As an awareness of the vital importance of good nutrition for good health has evolved over the years, there has been a growing interest in the Mediterranean diet. Research has shown that the traditional Mediterranean diet decreases the risk of heart disease. There is also interest in the benefits of the Mediterranean diet for the mind. In a news release in Sept. 3, 2013, the University of Exeter reported, Research confirms Mediterranean diet is good for the mind.
Mayo Clinic writes the Mediterranean diet incorporates the basics of healthy eating along with a splash of tasty olive oil and sometimes even a glass of red wine, among other components which are characterized by the traditional cooking style of countries bordering the Mediterranean Sea.
The first systematic review of related research has confirmed there is a positive impact on cognitive function, but an inconsistent effect on mild cognitive impairment, with the Mediterranean diet. There has been a lot of research over the years which has identified a link between adherence to a Mediterranean diet and a lower risk of age-related disease such as dementia.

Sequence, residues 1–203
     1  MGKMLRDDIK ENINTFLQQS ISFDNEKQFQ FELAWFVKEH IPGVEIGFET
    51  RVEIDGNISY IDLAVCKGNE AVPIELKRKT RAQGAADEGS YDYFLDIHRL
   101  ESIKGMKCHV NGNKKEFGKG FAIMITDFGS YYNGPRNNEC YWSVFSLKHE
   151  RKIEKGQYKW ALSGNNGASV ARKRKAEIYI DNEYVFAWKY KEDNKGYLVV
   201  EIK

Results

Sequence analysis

A team of researchers from the University of Exeter Medical School has carried out the first systematic review of such research. These findings are published in the journal Epidemiology. A Mediterranean diet generally consists of higher levels of olive oil, vegetables, fruit and fish. A higher adherence to this diet means there is higher daily intakes of fruit and vegetables and fish, along with reduced intakes of meat and dairy products.
Lead researcher Iliana Lourida has said, "Mediterranean food is both delicious and nutritious, and our systematic review shows it may help to protect the ageing brain by reducing the risk of dementia." She has gone on to say while the link which exists between adherence to a Mediterranean diet and dementia risk is not new, this study is the first to systematically analyze all of the existing evidence.